Lawn history

Lawn history

To learn more about how to set up and care for a lawn, it's worth getting acquainted with its history. The first larger lawns were established in England. However, very early descriptions of lawns come from the European continent. Albert Magnus (1193—1280) described the benefits of a lawn, which surrounded a garden with medicinal herbs in a medieval monastery. Lay people and clergymen walked or rested in the gardens, enjoying the sight of a colorful flower bed growing in the middle of a green lawn. Even then, the contrast was appreciated, which was formed by low grass with tall flowers. Later Bocaccio (1330—1374) described a "bowling green", that is, lawns intended for playing various games and tournaments. As in the Middle Ages, the first lawns were created? The first lawns were ordinary pastures, trampled and fertilized by grazing sheep. This is still the case today in acidic mountain pastures, consisting of narrow-leaved grasses with a small admixture of weeds.

Later, in flat areas, lawns were laid out of square patches of turf, called "squares". This method of establishing lawns has survived for several centuries. They were cut out, and then transported to the desired place. This way of setting up lawns is still called "turfing". For many centuries, this method was passed down from father to son. It was very popular, although often only coincidence determined the results. It was not until the 18th century that the first lawns were established in England and on the mainland by sowing seeds of wild fescue and burrows.. Only the seeds of low grasses were used to prepare the mixtures. Typically forage grasses were not sown, and the lawns were mowed with a short scythe.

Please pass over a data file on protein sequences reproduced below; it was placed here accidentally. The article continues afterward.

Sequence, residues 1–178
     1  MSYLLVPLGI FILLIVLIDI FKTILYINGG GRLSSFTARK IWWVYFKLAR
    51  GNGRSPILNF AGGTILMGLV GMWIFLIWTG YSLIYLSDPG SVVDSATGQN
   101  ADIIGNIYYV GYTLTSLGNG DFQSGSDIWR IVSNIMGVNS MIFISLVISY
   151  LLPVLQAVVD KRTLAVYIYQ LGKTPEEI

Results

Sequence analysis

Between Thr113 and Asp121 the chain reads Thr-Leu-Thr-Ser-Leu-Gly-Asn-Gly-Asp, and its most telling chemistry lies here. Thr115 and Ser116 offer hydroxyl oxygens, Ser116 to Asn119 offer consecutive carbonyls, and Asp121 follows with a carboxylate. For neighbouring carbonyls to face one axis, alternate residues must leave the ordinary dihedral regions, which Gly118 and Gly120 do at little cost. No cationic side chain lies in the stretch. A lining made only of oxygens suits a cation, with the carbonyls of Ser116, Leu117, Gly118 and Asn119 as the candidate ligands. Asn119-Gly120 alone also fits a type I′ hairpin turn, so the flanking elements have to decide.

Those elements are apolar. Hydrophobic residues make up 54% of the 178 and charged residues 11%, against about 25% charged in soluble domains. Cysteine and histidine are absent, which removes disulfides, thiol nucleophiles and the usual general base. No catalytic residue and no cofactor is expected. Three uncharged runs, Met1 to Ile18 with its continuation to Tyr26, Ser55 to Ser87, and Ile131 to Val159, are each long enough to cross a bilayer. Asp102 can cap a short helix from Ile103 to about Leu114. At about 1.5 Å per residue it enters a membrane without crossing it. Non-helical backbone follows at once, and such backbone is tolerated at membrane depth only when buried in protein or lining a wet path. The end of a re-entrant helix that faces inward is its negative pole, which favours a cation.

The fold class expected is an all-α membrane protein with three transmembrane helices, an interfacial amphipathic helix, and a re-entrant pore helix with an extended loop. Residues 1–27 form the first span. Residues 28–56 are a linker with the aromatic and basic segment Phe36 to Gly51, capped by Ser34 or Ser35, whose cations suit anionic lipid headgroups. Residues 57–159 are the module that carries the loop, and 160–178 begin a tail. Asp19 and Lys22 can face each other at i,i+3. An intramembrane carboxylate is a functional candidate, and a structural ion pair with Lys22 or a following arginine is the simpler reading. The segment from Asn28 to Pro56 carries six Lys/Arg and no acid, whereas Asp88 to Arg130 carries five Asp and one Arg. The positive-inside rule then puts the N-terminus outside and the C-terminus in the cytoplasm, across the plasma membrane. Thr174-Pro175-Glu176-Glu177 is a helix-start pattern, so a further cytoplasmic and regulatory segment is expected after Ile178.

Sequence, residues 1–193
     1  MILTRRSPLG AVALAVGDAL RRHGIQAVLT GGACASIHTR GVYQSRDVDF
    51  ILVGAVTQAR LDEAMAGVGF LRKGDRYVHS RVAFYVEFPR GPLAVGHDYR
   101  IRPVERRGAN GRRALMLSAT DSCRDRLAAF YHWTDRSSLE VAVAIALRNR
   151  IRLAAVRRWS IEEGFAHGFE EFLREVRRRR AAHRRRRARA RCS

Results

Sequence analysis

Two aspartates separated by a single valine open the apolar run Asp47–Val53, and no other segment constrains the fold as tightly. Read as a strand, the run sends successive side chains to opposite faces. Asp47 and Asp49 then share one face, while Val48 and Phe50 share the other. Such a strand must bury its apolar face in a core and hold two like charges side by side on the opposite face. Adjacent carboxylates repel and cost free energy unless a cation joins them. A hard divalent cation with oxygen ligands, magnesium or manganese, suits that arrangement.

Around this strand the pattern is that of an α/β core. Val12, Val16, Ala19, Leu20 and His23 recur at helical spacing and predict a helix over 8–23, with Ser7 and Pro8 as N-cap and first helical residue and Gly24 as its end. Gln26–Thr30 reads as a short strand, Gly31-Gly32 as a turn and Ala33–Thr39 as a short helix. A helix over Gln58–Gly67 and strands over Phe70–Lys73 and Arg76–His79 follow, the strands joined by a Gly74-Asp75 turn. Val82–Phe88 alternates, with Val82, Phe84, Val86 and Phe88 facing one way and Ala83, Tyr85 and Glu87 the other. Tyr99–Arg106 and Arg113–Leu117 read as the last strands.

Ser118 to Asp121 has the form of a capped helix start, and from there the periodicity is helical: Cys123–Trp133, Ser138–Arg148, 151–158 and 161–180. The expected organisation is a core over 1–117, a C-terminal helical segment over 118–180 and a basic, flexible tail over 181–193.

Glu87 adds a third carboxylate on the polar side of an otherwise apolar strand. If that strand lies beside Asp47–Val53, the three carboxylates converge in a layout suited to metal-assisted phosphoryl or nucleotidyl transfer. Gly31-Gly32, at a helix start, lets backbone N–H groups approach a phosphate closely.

Research on grasses for establishing lawns began in 1895 r. in the United States at Olcott Turf Gardens, Connecticut. Various species of fescue and broom were recommended as the most useful, followed by meadow panicles (Poa pratensis) and its most valuable lawn variety 'Merion', widespread all over the world.

Remembering the history of the lawn, an important invention cannot be omitted, which fundamentally changed the methods of establishing and maintaining lawns. It was a lawn mower. W 1830 r. Englishman Edwin Budding invented the drum mower (cylindrical). About 1900 r. the first petrol mower was constructed. Since the invention of the mower, which cuts the grass like a shear, lawns can be mowed accurately and without much hassle. The easiest and most accurate way to mow grass is with petrol lawn mowers, which are now in common use.

Shortly before the Second World War, a petrol rotary mower was developed, which only mows at very high speed. The mowing accuracy is inferior to that of a cylinder mower, but it can also mow tall grass. In principle, the quality of its mowing is considered to be sufficient. A fairly expensive cylinder mower is still widely used for maintaining golf lawns, at sports stadiums, as well as on the so-called. luxury English lawns.